Calibration of self-report tools for physical activity research: The Physical Activity Questionnaire (PAQ)

Pedro F. Saint-Maurice, Gregory J. Welk, Nicholas K. Beyler, Roderick T. Bartee, Kate A. Heelan

Research output: Contribution to journalArticlepeer-review

37 Scopus citations

Abstract

Background: The utility of self-report measures of physical activity (PA) in youth can be greatly enhanced by calibrating self-report output against objectively measured PA data.This study demonstrates the potential of calibrating self-report output against objectively measured physical activity (PA) in youth by using a commonly used self-report tool called the Physical Activity Questionnaire (PAQ). Methods. A total of 148 participants (grades 4 through 12) from 9 schools (during the 2009-2010 school year) wore an Actigraph accelerometer for 7 days and then completed the PAQ. Multiple linear regression modeling was used on 70% of the available sample to develop a calibration equation and this was cross validated on an independent sample of participants (30% of sample). Results: A calibration model with age, gender, and PAQ scores explained 40% of the variance in values for the percentage of time in moderate-to-vigorous PA (%MVPA) measured from the accelerometers (%MVPA = 14.56 - (sex*0.98) - (0.84*age) + (1.01*PAQ)). When tested on an independent, hold-out sample, the model estimated %MVPA values that were highly correlated with the recorded accelerometer values (r =.63) and there was no significant difference between the estimated and recorded activity values (mean diff. = 25.3 ± 18.1 min; p =.17). Conclusions: These results suggest that the calibrated PAQ may be a valid alternative tool to activity monitoring instruments for estimating %MVPA in groups of youth.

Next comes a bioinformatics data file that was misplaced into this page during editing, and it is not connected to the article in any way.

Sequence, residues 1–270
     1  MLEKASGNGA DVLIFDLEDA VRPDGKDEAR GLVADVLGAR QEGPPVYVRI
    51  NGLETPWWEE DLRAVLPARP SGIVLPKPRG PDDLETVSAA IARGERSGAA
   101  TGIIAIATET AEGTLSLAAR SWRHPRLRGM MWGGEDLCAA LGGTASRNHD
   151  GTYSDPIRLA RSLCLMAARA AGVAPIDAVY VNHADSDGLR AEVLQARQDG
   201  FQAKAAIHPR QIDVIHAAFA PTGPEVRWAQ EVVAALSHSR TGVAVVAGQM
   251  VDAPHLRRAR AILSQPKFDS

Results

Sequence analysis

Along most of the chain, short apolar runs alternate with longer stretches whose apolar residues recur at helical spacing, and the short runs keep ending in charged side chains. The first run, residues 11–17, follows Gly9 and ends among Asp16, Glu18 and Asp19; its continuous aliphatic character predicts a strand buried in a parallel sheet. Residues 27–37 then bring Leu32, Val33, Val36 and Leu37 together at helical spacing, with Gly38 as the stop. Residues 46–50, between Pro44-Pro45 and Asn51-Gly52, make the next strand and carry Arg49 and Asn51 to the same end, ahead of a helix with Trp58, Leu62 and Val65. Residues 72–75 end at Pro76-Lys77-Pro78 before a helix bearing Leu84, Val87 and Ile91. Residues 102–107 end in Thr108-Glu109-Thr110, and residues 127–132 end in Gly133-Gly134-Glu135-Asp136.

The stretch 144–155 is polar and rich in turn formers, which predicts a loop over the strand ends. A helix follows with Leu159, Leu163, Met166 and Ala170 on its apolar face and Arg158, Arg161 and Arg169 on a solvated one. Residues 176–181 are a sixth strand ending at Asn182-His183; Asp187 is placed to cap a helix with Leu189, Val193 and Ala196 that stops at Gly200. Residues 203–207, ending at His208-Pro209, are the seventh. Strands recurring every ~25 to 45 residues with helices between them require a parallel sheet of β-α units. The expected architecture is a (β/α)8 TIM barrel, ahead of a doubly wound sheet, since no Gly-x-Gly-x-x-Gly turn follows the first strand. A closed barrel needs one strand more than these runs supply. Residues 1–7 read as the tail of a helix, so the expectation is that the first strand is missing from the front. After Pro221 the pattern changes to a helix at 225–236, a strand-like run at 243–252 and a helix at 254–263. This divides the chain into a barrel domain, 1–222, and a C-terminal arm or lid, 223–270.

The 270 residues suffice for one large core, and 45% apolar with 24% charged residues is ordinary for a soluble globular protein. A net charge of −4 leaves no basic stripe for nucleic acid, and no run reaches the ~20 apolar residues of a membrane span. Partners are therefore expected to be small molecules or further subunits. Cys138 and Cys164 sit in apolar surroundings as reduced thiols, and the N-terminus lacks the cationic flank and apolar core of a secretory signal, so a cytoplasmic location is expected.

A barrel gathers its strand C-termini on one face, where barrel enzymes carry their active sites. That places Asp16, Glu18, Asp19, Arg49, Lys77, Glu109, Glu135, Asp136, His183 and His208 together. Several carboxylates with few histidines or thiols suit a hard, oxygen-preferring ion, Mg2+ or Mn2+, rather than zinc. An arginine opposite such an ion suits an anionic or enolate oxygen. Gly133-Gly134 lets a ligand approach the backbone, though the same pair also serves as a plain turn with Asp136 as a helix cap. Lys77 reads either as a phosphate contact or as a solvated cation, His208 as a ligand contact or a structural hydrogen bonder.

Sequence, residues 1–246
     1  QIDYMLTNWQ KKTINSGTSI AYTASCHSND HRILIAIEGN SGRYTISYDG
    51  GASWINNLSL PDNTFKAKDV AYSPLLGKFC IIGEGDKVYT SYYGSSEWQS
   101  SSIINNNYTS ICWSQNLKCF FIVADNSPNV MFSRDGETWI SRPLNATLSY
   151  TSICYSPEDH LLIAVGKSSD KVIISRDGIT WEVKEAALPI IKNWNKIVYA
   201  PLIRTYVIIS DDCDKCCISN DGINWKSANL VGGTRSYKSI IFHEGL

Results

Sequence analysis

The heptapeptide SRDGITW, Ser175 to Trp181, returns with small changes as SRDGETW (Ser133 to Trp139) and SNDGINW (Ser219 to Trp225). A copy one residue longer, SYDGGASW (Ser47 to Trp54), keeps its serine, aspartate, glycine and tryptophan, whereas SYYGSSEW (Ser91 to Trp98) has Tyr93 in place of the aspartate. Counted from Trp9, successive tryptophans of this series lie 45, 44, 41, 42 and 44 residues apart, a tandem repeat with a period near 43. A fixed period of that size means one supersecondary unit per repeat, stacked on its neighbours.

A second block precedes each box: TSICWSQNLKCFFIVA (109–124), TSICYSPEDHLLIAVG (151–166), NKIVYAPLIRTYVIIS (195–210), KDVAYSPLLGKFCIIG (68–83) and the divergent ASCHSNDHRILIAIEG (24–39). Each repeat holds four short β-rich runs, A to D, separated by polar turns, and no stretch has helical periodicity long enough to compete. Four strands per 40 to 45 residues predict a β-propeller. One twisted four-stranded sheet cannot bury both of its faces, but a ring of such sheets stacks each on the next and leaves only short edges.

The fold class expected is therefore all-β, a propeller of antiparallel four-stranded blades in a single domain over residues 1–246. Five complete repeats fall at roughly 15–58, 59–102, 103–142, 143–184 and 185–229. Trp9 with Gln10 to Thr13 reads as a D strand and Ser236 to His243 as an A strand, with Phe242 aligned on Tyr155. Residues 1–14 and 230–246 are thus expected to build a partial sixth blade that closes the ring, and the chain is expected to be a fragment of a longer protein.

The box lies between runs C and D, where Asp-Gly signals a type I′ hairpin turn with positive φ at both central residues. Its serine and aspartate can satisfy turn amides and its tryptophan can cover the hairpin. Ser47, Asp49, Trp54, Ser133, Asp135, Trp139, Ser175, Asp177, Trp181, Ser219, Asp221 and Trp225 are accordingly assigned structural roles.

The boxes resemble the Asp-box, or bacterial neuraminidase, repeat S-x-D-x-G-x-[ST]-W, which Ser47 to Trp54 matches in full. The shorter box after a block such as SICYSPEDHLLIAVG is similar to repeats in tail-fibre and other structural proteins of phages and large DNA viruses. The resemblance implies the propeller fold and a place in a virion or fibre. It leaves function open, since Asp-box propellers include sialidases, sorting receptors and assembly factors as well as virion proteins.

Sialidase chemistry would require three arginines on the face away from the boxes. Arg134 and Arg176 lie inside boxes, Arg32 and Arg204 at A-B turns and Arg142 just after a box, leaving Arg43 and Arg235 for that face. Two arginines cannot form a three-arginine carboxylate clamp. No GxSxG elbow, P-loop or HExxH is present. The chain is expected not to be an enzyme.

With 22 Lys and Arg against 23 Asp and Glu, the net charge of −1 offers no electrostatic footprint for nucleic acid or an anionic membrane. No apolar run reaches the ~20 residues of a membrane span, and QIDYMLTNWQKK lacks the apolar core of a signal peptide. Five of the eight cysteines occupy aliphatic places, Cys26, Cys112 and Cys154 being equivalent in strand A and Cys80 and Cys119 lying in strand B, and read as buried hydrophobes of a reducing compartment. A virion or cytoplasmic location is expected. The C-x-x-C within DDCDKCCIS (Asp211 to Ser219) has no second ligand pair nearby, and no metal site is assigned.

Original languageEnglish (US)
Article number461
JournalBMC Public Health
Volume14
Issue number1
DOIs
StatePublished - May 16 2014

Keywords

  • Accelerometry
  • Measurement
  • Public health
  • Youth

ASJC Scopus subject areas

  • Public Health, Environmental and Occupational Health

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